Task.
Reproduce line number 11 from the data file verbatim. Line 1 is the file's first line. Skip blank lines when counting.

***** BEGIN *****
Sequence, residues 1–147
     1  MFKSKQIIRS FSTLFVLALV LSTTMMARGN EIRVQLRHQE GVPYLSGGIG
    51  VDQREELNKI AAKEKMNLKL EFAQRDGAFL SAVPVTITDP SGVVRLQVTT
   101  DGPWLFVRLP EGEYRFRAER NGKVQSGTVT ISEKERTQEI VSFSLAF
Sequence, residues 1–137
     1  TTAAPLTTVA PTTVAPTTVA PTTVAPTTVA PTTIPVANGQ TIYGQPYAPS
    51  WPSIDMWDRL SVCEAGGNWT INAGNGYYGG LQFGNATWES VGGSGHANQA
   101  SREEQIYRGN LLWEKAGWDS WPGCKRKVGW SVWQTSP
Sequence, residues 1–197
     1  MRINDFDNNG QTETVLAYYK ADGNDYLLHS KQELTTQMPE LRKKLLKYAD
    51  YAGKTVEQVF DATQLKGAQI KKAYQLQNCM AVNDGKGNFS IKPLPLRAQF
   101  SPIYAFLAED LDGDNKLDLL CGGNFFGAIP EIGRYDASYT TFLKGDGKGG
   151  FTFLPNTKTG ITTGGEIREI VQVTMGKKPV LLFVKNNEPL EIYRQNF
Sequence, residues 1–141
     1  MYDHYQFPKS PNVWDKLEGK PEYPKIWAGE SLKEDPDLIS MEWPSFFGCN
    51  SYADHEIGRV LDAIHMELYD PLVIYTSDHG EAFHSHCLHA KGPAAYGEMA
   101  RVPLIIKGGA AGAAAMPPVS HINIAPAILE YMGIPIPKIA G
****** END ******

    51  YAGKTVEQVF DATQLKGAQI KKAYQLQNCM AVNDGKGNFS IKPLPLRAQF